Loss of an exclusive government contract may bring short-term pain, but the bank has an otherwise enviable position smack in the middle of increased card usage by corporations and government agencies
Under the hood of U.S. Bancorp hums a formidable bank card franchise.
This $74 billion banking corporation headquartered in Minneapolis is the largest issuer of purchasing cards, the biggest provider of Visa travel and entertainment cards, and a hefty issuer of Visa credit cards.
To these product lines it adds an owned-and-operated merchant processing unit, plus nearly 5,000 automated teller machines. The result is an $800 million-a-year payment systems business, currently yielding a 22.5% net margin and a 2.4% return on assets.
Millions of digital payments flow daily through its electronic networking technologies on behalf of corporations, retailers, and government agencies. In fact, much of U.S. Bancorp's purchasing card business has come from federal agencies, where it had a monopoly. But this year, Washington introduced something new: competition, and the bank saw its share reduced to 24% of a bigger pie.
Despite this setback, the bank is positioned enviably--and at a particularly auspicious time. Use of cards by employees of companies and government agencies to buy supplies and pay expenses is growing fast.
Their allure to the organizational buyer is chiefly the efficient electronic remittance and expense record that cards provide. Virtually paperless, cards eliminate purchase orders, invoices, payment vouchers, and checks. A purchasing card system also has the potential to connect with other electronic treasury, accounting, and purchasing systems. Naturally, banks want to be part of this and purchasing cards are a way in.
Allure of purchasing cards
To end users, a purchasing card works like a credit card, but without the revolving credit (beyond a one-month "float"). A company or government agency gives an employee a purchasing card to pay for travel expenses or purchase supplies and other low-ticket items. Most of these card charges are under $2,500.
The card issuer authorizes each transaction at point of purchase. That is when the card-using organization's limits are enforced for characteristics such as price, type of item purchased, and, often, which "authorized" supplier is used.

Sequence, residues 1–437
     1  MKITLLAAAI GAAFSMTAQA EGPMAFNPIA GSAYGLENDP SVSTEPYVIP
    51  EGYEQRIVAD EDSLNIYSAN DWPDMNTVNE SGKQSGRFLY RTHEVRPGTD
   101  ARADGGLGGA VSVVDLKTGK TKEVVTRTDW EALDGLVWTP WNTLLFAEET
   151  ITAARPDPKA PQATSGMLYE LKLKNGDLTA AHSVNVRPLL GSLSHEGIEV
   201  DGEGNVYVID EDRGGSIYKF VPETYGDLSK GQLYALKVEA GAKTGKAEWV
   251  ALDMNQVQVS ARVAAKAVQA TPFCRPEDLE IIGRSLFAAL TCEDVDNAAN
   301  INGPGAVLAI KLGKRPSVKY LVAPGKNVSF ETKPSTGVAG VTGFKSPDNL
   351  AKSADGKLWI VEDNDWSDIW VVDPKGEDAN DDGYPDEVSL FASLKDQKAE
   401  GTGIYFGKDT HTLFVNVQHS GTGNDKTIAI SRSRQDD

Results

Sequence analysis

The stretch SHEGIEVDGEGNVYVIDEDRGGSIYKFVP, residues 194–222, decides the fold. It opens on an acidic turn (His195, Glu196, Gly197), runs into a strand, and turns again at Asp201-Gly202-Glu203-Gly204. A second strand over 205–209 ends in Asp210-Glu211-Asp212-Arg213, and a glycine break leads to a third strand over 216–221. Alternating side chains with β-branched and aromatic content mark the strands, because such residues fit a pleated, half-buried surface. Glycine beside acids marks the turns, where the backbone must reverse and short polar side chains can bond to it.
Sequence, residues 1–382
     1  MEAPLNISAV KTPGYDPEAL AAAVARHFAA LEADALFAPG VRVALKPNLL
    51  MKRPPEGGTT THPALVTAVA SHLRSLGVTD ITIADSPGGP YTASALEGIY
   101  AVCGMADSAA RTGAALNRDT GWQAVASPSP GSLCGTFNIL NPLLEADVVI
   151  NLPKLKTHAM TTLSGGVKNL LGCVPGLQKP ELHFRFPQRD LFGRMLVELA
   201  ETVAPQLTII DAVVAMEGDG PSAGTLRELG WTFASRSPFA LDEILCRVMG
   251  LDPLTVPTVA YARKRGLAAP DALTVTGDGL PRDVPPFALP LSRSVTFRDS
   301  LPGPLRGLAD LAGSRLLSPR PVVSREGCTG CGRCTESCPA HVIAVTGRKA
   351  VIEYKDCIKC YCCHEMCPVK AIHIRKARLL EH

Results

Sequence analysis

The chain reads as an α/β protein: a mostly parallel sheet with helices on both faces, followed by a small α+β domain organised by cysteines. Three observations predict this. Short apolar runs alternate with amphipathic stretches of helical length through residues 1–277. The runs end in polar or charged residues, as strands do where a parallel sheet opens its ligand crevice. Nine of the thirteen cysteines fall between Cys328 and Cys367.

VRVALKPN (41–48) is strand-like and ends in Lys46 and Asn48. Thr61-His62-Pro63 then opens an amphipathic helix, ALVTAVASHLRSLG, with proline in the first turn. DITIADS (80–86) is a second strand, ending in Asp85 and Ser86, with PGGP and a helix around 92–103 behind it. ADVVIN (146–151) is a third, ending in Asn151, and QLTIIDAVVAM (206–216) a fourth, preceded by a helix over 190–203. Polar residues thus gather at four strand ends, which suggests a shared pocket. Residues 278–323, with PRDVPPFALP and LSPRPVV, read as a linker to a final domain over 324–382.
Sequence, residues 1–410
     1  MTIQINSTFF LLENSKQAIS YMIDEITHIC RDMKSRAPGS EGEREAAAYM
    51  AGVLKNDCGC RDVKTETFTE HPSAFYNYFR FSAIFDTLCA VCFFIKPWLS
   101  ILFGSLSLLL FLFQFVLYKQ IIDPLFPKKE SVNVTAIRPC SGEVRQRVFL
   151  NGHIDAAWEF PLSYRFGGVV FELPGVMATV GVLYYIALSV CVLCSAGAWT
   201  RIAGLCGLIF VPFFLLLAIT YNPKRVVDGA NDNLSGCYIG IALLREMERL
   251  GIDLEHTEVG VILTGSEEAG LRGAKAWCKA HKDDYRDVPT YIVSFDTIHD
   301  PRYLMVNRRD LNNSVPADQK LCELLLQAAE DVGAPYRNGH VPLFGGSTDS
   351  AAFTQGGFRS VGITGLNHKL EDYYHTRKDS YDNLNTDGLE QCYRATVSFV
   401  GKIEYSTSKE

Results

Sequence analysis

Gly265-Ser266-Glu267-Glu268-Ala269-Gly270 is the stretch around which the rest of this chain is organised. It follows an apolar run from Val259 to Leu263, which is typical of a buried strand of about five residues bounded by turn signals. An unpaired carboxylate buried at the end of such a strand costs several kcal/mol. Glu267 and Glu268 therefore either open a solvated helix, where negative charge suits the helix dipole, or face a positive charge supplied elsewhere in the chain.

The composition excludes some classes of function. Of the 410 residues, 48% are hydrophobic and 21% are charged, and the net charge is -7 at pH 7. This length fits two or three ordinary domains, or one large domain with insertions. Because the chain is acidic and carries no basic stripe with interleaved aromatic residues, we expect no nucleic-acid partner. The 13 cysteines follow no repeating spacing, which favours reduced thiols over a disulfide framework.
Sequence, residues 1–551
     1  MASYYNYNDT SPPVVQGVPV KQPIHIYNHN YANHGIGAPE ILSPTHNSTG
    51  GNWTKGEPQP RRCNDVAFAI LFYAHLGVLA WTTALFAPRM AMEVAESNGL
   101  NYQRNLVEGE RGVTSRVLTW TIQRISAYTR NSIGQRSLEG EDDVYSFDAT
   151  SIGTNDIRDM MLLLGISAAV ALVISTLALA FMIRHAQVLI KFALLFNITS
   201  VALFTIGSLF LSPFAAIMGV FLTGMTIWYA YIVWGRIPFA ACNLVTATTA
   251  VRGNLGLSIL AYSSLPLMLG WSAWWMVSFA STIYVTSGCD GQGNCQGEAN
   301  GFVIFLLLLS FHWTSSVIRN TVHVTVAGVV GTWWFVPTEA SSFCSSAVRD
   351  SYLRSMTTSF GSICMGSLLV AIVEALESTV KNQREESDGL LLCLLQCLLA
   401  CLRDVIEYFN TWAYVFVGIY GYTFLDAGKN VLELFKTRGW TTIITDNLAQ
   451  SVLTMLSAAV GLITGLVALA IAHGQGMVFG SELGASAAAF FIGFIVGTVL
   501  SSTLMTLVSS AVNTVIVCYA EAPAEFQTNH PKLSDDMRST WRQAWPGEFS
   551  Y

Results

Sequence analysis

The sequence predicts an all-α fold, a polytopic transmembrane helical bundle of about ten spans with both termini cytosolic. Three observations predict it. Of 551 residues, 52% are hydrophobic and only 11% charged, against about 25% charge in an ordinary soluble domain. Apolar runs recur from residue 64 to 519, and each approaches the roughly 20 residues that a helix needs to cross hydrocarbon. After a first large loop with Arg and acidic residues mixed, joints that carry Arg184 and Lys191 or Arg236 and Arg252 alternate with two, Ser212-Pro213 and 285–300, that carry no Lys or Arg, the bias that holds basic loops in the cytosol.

Purchase card pricing follows credit card practice except that because purchasing cards are nonrevolving, issuers make money from annual cardholder fees and from interchange fees. On the merchant side, the merchant's bank--often in combination with a technology company like First Data Corp, Total Processing Systems, or U.S. Bancorp's own merchant processing unit--earns revenue from the merchant discount.
Over time, credit card transaction fees have shrunk as competition has increased and technology and volume have driven unit costs down. When the first credit card, Diners Club, was introduced in 1949, transaction costs were between 5% to 10% of the purchase price. Restaurateurs paid it all, and waited a month to receive payment.
A raw deal? Perhaps. But once restaurateurs discovered that Diners Club was more than a customer service, that it could be a powerful marketing mechanism, they caught on.
Purchasing cards reach maturity
American Express, a legendary marketer, for years rode this concept, and still does on its charge cards-positioning itself as a service-oriented company for upscale, status-conscious, card holders. The company has traditionally charged merchants twice as much in transaction fees as Visa or Mastercard.
In corporate purchasing and travel cards, American Express has long led-- in fact created--this market. Because of its merchant relationships, American Express had a socalled "closed-loop" of information--a closed warehouse of data between sellers and buyers. With that information, American Express was in a position to help its corporate or government card holders make volume deals with special, "authorized" suppliers, thus giving American Express an edge. …